Although seen as corrupt practice in Western terms, this sort of activity is commonplace in the Middle East. In Iraq it's a sign that the country is getting "back to normalcy." The concerns of tribal elders about the deployment of the DPF outside of Anbar was deliberately intended to elicit such government largess, and the arrangement implies that the Sunni tribes are willing to cooperate with the new government. Willingness to accept bribes is considered willingness to deal, and opens the possibility that those who are being bought, will stay bought.
Recruiting for the "Desert Protection Force" is proceeding well. Intended to number some 1,200-1,500 men, the DPF is a tribally-based police force intended to patrol the enormous and sparsely populated Anbar Province, in Iraq's west, and, not incidentally, to provide the local Sunni tribes with a stake in the new government. But there have been some glitches. Despite frequent reassurances from senior Iraqi defense officials that the DPF will not be deployed outside of Anbar, tribal leaders remain unconvinced. To reassure them, the government has "donated" vehicles to tribal leaders , and has some of their bright young kinsmen "hired" to fill various administrative posts (reportedly some 250 have been so "employed").
In reaction to the DPF, al Qaeda has declared it has established a base area in western Iraq, roughly defined by the Iraqi border with Saudi Arabia, Syria, Turkey and the Kurdish controlled area of northern Iraq. This move has been discussed previously by al Qaeda, but the establishment of the DPF, and the growing number of Sunni Arab tribes, in western Iraq, that are joining the government, has forced al Qaeda to make some dramatic moves. In addition to declaring the "liberated zone," al Qaeda also bluntly threatened the Iraqis in the zone with kidnapping and murder if they do not cooperate with the terrorists.
A further annoyance for al Qaeda was the UN decision to extend its official sanction for foreign military operations in Iraq. The current mandate was set to expire at the end of the year, after the December 15 parliamentary elections. The UN mandate is recognition that there is an Iraqi government in Iraq, and is issued with the approval of the government of Iraq. This sort of thing makes it difficult for al Qaeda, as popular as the organization is with many Moslems, to get any official backing from Moslem governments. Still, many governments, with majority Sunni Arab populations, have been hesitant to establish full diplomatic relations with Iraq (which is run by Shia Arabs). Al Qaeda, for all its faults, is seen as a champion of Sunni (and Islamic conservative) supremacy in the Moslem world. Al Qaeda also has a lot of clout in the international media which, because of the popularity of "opposition to American hegemony" (and related current enthusiasms), get denounced far less than it deserves. So many journalists buy into the "whatever America does must be evil" line, that al Qaeda gets cut a lot of slack, even though they are an organization of murderous terrorists and opposed to most social policies backed by these same journalists. It's a strange situation, but al Qaeda is getting better at taking advantage of it. For example, despite the great hate most Iraqis feel for al Qaeda and the anti-government groups in general, the foreign press still tries to legitimize the terrorists as "insurgents" and freedom fighters. Thus the establishment (via press release) of an "al Qaeda liberated zone" in western Iraq, will get some respectful attention from the general media. After four years of defeats, al Qaeda needs all the victories it can get.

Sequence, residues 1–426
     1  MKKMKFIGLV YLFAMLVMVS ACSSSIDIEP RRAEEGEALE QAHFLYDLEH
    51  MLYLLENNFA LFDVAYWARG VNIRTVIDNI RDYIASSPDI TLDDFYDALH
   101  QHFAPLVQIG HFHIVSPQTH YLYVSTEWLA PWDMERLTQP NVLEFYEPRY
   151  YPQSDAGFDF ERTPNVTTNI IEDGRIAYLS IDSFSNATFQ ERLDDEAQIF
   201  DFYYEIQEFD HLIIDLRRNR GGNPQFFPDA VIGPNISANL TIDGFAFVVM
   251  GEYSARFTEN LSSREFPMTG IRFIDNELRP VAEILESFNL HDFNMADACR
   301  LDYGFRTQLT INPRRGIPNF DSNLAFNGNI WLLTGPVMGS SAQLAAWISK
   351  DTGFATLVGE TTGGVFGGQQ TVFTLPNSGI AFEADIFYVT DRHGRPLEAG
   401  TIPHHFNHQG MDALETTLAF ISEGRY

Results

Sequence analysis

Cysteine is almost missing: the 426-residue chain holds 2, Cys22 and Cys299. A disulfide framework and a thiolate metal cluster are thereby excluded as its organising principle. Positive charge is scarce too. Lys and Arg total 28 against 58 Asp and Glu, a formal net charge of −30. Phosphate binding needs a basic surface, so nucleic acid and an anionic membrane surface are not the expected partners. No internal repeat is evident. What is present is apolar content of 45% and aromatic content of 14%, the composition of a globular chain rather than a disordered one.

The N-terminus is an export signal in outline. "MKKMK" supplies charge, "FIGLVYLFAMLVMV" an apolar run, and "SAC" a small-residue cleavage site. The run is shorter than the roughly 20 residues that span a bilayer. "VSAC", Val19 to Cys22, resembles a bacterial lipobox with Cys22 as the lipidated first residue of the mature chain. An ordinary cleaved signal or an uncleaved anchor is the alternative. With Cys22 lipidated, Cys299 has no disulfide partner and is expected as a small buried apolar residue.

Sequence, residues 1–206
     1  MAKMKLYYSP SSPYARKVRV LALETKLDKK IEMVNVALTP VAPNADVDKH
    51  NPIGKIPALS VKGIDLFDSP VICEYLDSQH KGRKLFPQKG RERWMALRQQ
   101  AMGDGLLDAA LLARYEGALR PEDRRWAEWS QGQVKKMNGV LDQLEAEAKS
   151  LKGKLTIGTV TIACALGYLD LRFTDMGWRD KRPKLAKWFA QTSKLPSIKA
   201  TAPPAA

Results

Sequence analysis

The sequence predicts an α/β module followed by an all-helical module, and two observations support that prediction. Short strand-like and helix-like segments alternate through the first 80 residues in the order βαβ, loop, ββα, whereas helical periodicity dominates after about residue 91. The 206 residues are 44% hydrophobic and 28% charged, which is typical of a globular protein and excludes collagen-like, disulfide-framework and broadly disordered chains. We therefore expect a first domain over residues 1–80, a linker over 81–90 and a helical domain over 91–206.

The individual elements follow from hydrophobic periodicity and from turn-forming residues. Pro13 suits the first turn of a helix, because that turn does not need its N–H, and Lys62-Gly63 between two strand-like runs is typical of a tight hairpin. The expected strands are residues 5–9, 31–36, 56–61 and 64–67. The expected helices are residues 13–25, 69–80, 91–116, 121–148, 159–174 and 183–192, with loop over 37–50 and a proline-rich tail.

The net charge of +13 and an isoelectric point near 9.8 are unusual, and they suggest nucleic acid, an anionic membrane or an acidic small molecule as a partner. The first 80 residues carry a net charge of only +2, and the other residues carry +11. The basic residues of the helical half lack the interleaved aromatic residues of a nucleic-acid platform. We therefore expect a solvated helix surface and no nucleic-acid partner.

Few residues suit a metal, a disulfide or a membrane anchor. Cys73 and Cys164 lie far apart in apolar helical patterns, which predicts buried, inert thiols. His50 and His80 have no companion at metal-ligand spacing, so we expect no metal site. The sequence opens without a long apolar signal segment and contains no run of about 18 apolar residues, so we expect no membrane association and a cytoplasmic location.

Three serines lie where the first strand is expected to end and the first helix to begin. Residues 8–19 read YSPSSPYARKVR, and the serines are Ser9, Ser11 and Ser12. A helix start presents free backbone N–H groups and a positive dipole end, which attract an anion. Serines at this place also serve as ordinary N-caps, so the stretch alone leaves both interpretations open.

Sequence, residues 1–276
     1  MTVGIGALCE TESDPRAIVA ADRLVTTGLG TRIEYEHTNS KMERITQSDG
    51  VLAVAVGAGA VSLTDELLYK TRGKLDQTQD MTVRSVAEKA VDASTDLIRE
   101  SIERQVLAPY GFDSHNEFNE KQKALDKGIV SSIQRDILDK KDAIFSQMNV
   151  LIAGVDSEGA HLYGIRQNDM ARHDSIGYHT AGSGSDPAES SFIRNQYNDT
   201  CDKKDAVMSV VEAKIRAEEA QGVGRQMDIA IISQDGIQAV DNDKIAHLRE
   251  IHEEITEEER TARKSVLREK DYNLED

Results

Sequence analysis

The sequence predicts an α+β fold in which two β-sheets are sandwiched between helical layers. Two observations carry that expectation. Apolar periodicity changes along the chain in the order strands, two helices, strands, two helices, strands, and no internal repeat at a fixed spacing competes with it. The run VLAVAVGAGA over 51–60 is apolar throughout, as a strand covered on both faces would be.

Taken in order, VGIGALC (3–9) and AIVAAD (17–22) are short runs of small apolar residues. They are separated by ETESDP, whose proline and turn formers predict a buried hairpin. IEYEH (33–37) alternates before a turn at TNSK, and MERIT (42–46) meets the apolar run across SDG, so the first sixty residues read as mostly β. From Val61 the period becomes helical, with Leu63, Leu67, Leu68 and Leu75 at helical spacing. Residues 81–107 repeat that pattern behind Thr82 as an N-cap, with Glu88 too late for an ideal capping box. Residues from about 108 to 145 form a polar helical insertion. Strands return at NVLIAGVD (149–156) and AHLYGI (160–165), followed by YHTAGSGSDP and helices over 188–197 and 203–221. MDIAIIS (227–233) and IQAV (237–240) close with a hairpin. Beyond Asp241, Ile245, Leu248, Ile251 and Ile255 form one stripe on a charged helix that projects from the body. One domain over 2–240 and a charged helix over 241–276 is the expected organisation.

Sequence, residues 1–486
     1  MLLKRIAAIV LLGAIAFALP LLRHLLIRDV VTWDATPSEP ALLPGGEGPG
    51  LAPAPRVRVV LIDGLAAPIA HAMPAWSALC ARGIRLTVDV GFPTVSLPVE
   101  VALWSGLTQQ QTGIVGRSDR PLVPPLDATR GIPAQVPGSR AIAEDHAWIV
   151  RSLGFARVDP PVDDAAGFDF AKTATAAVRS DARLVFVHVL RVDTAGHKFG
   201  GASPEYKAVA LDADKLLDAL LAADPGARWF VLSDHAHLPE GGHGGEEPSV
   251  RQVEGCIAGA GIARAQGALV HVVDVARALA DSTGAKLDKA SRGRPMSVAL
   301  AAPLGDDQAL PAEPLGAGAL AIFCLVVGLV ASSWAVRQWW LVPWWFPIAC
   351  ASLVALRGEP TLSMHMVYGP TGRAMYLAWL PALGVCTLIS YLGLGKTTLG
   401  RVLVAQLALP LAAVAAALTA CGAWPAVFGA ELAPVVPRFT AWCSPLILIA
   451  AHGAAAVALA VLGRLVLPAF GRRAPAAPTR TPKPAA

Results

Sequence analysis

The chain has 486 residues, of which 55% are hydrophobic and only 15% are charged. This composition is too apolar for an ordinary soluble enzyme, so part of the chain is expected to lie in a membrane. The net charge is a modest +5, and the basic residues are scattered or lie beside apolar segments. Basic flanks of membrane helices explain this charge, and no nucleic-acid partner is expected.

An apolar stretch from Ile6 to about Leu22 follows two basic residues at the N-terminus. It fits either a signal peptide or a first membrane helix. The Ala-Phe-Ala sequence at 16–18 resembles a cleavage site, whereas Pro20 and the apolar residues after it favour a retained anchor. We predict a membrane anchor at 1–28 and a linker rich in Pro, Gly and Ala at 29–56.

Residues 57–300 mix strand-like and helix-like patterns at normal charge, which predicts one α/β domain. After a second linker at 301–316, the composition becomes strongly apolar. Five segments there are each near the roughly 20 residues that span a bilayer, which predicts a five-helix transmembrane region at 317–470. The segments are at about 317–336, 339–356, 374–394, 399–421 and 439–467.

After four days of fighting, the west Iraq city of Husaybah was declared pacified. This campaign featured the first use of multiple Iraqi infantry battalions in a combat operation. Iraqi troops and police are staying in Husaybah, to insure that al Qaeda and Sunni nationalists do not resume their terror campaign to take back control of the area. This is expected to further anger al Qaeda and other anti-government forces, and increase the fighting between anti-government groups. In the last year, there have been more and more battles between these anti-government factions. Of late, it has come down to turf battles between al Qaeda led groups (meaning mostly non-Iraqis) and various Sunni Arab anti-government outfits. The basic problem is that al Qaeda believes it should be the leader of the fight, while the Iraqi groups disagree, to the point of deadly violence. Local civilians are caught in the middle, especially when it comes to money. Both al Qaeda and the Sunni Arab rebels extort "taxes" (protection money) from businesses in areas where they operate. Al Qaeda insists that it should control the money, and its collection. The Iraqi groups, who are fighting to "get the foreigners out of the country," are not happy with Moslem foreigners trying to tell them what to do with Iraqi money. However, al Qaeda continues to cooperate with the Sunni Arab groups, who still have more money and popular support in the Sunni Arab community. But the tensions within the anti-government groups is not going away, even as the Iraqi army and police grow stronger and more effective each month.